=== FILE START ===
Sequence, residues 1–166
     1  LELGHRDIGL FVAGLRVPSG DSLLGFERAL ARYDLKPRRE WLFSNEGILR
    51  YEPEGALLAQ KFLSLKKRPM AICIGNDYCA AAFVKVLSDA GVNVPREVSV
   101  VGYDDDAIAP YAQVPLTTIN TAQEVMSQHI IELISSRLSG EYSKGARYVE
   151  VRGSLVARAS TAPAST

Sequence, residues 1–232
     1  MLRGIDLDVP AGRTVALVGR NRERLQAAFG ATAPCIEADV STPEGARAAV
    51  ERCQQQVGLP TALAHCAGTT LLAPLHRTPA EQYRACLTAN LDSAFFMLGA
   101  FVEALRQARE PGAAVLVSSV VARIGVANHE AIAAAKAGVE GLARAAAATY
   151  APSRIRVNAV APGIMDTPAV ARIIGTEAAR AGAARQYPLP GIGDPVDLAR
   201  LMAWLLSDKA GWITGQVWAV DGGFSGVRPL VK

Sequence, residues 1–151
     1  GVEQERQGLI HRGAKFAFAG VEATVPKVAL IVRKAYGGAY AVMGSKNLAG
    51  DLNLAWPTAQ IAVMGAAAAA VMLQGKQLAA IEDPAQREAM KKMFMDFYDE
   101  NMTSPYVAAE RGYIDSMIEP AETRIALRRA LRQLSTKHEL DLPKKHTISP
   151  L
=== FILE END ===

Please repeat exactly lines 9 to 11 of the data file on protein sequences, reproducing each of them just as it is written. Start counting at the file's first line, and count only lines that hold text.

   101  FVEALRQARE PGAAVLVSSV VARIGVANHE AIAAAKAGVE GLARAAAATY
   151  APSRIRVNAV APGIMDTPAV ARIIGTEAAR AGAARQYPLP GIGDPVDLAR
   201  LMAWLLSDKA GWITGQVWAV DGGFSGVRPL VK